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Updated: February 27, 2014 17:42 IST

2016 US Polls: Hillary gets overwhelming support from democrats

PTI
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Democrats favour Hillary Clinton for the 2016 presidential election. Picture shows Ms. Hillary Clinton speaks at the University of Miami, Florida on Feb. 26, 2014.
AP Democrats favour Hillary Clinton for the 2016 presidential election. Picture shows Ms. Hillary Clinton speaks at the University of Miami, Florida on Feb. 26, 2014.

An overwhelming majority of Democrats back Hillary Clinton to run for president in 2016, according to a new poll.

A whopping 82 per cent of Democrats say they want Ms. Clinton to run for President and only 13 per cent do not want to see the former secretary of state run, the New York Times/CBS poll released last night found.

Given a list of candidates to say “run”, “not run”, or no opinion, 53 per cent of Democrats said “yes” to seeing a bid from at least one other, besides Ms. Clinton.

The potential candidates drawing the most interest after Ms. Clinton are Vice President Joe Biden, former Governor Jeb Bush of Florida and Senator Rand Paul of Kentucky.

By comparison only 29 per cent of all Democrats picked 66-year-old Ms. Clinton exclusively of the candidates listed, without giving an affirmative to anyone else.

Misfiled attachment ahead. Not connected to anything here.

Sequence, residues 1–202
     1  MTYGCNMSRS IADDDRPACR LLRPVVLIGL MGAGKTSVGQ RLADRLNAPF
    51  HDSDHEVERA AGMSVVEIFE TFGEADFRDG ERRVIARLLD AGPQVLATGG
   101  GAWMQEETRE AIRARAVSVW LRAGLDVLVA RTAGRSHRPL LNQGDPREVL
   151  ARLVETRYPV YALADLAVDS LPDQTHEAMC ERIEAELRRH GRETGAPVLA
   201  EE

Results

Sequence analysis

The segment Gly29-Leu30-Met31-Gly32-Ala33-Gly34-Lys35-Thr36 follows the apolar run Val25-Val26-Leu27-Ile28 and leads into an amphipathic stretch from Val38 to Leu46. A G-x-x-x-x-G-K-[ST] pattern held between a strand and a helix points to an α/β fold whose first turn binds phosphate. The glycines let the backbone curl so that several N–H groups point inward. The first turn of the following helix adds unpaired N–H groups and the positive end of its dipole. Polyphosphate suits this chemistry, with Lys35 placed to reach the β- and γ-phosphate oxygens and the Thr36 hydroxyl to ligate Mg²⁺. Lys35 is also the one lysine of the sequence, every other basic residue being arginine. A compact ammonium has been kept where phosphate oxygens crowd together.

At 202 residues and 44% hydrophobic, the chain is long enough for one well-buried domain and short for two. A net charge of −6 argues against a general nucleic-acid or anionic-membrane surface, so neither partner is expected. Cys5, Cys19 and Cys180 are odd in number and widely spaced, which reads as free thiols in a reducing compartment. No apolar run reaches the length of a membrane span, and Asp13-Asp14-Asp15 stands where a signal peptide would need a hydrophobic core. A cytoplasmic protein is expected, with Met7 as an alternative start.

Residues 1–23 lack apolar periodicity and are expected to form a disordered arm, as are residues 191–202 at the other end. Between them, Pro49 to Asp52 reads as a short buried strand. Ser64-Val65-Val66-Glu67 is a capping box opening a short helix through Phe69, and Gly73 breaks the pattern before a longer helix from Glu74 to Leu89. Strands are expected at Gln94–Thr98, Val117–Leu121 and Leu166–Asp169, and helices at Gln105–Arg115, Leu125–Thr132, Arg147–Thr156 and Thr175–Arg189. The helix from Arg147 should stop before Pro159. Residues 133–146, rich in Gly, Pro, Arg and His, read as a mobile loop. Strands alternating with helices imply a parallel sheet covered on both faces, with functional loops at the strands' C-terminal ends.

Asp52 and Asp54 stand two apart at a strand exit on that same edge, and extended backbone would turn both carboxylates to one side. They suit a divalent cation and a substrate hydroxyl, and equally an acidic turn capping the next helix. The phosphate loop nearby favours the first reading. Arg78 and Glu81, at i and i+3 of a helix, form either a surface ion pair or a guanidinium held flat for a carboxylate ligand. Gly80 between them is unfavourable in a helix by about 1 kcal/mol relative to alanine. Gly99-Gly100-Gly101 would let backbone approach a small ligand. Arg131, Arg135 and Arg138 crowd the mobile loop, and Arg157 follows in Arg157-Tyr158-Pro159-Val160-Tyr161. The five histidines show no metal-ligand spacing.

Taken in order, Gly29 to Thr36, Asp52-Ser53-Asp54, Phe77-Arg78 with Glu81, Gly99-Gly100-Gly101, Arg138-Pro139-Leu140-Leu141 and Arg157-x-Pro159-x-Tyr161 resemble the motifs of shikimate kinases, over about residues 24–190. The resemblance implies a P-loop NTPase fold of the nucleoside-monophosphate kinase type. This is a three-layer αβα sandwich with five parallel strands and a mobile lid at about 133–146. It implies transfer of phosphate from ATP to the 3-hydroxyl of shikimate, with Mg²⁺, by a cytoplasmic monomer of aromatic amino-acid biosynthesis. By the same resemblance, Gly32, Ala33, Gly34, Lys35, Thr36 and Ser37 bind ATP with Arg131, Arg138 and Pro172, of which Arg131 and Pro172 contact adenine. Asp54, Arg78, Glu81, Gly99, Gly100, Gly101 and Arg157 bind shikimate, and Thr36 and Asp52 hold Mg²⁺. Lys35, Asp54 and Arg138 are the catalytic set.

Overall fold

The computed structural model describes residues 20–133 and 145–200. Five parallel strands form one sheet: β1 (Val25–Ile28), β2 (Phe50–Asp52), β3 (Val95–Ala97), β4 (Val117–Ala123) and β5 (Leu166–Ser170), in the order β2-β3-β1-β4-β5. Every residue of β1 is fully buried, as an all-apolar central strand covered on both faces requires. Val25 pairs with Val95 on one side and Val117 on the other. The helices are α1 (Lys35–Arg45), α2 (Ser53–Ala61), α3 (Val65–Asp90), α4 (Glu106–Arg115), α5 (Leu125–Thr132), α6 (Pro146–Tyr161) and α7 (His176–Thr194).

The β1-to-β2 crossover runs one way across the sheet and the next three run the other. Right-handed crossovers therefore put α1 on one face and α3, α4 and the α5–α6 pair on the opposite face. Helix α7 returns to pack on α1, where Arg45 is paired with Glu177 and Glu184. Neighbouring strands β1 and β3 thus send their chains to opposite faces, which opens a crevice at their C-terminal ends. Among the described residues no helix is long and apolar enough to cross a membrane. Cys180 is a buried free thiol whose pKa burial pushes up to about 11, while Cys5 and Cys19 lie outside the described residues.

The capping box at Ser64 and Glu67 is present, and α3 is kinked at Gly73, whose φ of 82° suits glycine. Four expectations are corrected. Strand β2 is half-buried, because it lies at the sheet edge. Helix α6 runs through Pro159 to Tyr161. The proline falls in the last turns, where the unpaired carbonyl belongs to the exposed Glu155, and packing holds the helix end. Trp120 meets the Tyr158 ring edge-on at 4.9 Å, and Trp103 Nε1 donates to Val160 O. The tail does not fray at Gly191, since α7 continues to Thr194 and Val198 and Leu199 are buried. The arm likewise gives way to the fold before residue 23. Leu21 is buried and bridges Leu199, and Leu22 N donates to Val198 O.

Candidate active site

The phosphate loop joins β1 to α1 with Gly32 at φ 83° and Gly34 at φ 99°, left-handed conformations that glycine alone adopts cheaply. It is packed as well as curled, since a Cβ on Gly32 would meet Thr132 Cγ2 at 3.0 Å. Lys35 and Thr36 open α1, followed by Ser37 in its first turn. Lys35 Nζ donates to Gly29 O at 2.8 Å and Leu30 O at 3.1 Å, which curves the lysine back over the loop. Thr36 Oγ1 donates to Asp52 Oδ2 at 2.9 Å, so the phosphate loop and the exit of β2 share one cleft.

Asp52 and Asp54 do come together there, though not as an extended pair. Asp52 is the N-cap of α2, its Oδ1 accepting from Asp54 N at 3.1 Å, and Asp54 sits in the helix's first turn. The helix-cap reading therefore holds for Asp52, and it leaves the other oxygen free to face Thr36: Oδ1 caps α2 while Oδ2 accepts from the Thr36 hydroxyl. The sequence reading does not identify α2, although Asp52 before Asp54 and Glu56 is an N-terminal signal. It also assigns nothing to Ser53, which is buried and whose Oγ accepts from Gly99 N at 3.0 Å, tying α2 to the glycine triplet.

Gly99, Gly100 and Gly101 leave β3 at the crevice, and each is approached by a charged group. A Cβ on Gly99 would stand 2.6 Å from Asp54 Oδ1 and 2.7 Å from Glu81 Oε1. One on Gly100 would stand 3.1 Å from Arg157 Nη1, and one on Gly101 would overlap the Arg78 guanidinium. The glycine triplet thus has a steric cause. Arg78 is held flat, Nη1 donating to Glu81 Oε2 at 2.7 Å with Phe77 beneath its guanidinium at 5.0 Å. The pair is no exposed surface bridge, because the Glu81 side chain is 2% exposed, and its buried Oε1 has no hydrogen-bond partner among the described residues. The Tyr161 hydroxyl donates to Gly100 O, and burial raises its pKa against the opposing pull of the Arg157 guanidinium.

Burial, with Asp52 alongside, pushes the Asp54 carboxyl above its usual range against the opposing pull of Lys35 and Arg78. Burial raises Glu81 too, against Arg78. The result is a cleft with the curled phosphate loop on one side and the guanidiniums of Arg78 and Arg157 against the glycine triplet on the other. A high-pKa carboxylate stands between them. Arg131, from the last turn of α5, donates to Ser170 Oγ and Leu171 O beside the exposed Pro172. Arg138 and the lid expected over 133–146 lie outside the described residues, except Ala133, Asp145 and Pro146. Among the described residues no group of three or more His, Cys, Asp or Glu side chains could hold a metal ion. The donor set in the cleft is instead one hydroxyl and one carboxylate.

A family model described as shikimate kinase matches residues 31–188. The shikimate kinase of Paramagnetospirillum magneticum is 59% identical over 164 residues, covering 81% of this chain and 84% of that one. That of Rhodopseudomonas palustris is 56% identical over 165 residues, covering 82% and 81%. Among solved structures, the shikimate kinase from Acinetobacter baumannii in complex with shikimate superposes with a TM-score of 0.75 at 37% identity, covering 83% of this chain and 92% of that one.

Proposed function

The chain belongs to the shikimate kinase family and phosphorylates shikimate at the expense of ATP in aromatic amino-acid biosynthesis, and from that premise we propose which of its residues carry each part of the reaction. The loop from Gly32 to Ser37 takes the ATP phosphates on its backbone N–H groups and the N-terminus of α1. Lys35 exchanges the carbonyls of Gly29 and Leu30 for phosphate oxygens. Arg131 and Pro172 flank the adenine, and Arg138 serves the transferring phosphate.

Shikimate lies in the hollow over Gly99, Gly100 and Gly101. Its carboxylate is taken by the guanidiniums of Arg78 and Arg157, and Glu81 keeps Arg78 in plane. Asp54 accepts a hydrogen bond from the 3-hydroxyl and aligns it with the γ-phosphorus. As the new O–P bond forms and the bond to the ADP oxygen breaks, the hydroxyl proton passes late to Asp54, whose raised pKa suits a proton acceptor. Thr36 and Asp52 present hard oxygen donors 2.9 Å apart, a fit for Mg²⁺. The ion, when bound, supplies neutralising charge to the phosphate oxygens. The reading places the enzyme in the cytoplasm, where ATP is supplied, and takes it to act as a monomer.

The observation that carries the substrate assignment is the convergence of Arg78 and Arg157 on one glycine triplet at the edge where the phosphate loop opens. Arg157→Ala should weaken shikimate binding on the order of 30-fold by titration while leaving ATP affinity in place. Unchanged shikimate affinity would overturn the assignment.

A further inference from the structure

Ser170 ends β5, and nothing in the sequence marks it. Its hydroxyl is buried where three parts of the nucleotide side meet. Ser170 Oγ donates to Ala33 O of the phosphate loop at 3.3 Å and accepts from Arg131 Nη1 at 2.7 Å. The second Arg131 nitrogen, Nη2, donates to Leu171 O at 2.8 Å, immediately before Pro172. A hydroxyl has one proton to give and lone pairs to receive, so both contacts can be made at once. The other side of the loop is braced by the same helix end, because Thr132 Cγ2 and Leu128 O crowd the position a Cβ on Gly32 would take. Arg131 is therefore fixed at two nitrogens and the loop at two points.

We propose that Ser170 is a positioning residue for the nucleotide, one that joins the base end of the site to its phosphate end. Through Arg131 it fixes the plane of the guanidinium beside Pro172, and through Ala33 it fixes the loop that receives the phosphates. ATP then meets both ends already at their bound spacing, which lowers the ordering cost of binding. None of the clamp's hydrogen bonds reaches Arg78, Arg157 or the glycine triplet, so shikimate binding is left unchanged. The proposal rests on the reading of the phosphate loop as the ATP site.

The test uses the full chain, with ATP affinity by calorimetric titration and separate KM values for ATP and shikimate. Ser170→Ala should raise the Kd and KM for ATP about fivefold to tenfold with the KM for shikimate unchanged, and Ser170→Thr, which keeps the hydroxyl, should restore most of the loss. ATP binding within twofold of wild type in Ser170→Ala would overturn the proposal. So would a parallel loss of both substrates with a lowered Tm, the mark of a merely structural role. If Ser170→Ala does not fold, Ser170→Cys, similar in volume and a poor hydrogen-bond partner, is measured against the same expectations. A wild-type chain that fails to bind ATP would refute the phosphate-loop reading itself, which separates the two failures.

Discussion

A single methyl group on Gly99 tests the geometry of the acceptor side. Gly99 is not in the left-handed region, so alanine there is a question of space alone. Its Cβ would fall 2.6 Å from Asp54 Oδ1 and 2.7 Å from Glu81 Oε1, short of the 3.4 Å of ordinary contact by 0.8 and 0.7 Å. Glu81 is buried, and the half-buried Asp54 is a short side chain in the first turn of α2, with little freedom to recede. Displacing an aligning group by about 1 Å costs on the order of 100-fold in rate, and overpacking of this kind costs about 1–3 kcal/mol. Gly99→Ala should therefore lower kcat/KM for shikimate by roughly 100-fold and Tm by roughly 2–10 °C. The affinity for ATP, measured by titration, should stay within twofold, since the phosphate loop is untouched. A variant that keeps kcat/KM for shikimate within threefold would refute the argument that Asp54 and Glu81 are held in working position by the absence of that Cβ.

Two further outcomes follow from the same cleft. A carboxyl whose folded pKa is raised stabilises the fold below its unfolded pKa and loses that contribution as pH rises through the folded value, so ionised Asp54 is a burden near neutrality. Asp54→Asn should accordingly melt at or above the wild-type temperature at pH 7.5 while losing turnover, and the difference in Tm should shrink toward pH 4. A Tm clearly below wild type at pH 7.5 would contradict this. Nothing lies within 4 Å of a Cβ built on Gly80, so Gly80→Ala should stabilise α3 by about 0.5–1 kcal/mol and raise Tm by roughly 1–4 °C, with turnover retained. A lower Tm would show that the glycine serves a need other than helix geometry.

While Democrats appear overwhelmingly eager for a Clinton candidacy, the poll suggested that the Republican field, at least at this early stage, is far more muddled, with no potential candidate garnering majority enthusiasm for a presidential run.

No major candidates in either party have yet declared their candidacy, but several have taken steps indicating that they are seriously considering a run.

Male and female Democrats expressed similar levels of interest in Ms. Hillary Clinton. A potential Clinton candidacy also drew the strongest support among self-described independents, with 52 per cent saying they hoped she would run.

The nationwide poll is based on telephone interviews conducted with 515 Democrats, 519 Republicans and 550 independents. Each has a margin of sampling error of plus or minus six percentage points.

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